See our November 2022 SF Election Guide for a nonpartisan analysis of measures and contests on the ballot in San Francisco for the election occurring Nov. 8, 2022. Voters will consider the following proposition in that election.
Proposition B would undo a charter amendment approved by voters in November 2020 to take responsibilities away from the Department of Public Works and form a Sanitation and Streets Department. It was meant to address such efforts as cleaning grimy streets, clearing overflowing garbage receptacles and power washing graffiti on public property. And in the wake of numerous corruption charges within Public Works, it also established oversight commissions for both departments, annual controller’s performance audits, and cost and waste evaluations. This measure requires more than 50% affirmative votes to pass.
As we reported in our November 2020 election guide, the restructuring came partly in response to an FBI probe that uncovered corruption at City Hall in January 2020. The FBI investigation led to the arrest of then-Department of Public Works Director Mohammed Nuru and ensnared five other city department heads as well as contractors and a restaurant owner. In August this year, Nuru was sentenced to seven years in federal prison and three years of supervised release.
Nevertheless, in May 2022, Supervisor Aaron Peskin, Proposition B’s sponsor, expressed “buyers’ remorse” over the new agency when board hearings revealed the high costs.
Potential savings came into doubt and additional administrative costs were expected to total at least $6 million annually.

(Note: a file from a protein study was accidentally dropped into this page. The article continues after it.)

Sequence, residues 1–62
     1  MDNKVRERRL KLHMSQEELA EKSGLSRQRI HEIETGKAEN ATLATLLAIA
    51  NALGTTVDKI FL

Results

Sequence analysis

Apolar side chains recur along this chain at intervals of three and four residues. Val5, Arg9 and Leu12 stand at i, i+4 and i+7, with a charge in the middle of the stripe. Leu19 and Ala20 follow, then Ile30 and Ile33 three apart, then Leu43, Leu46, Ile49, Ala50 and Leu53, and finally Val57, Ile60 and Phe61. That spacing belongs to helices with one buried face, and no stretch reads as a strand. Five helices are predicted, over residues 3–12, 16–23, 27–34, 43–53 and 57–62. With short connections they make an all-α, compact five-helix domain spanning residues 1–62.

In a letter submitted to the Department of Elections, the controller’s office stated that eliminating the new Sanitation and Streets Department would provide estimated savings of about $6 million over the next two fiscal years, and that recombining departments would require 23 fewer administrative staff positions.
“Do we want paper pushers of broom pushers?” Peskin wrote in his filing with the Department of Elections. “Do we want our heard-earned dollars going to people working at desks or people working to clean up San Francisco?”
Public Works wouldn’t need additional accounting, contracts and information technology staff and Sanitation and Streets wouldn’t need a department head or administrative staff. It would also eliminate the need for redundant equipment and contract services.
The measure would also limit the authority of oversight commissions and eliminate the controller’s annual audit over waste and inefficiency.
Opponents of Proposition B say the measure would open up the department to corruption again. Matt Haney proposed the charter amendment to create the Sanitation and Streets Department when he was a board supervisor. Now a state assembly member, he opposes its reversal.
Haney argues that the cost is a “miniscule fraction” of the city’s $14 billion budget. He accused the proponents of wanting to “take back to the power to decide which streets get cleaned and which are left covered in trash.”